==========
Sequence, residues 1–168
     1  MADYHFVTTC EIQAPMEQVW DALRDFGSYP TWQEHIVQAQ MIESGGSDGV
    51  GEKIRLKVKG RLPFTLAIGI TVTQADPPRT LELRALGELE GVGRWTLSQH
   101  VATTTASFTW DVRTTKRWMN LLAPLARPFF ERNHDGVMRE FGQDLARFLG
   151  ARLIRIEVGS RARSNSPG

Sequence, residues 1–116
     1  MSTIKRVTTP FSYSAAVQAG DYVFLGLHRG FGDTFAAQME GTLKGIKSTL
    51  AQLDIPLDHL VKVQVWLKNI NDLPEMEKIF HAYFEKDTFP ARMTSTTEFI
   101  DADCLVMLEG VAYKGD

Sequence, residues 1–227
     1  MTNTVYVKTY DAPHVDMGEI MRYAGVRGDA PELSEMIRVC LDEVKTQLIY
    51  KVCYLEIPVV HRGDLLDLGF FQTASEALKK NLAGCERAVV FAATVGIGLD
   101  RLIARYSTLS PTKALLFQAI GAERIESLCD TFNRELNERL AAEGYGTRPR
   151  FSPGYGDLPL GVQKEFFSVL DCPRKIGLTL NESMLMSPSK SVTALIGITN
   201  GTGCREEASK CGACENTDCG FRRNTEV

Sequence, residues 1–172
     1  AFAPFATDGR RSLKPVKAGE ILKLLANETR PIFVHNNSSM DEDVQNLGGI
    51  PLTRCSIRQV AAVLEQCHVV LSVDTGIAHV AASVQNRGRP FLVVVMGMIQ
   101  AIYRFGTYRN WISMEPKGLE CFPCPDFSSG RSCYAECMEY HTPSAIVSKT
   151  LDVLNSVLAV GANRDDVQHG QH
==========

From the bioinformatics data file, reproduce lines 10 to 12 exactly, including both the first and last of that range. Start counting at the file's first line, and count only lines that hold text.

Sequence, residues 1–227
     1  MTNTVYVKTY DAPHVDMGEI MRYAGVRGDA PELSEMIRVC LDEVKTQLIY
    51  KVCYLEIPVV HRGDLLDLGF FQTASEALKK NLAGCERAVV FAATVGIGLD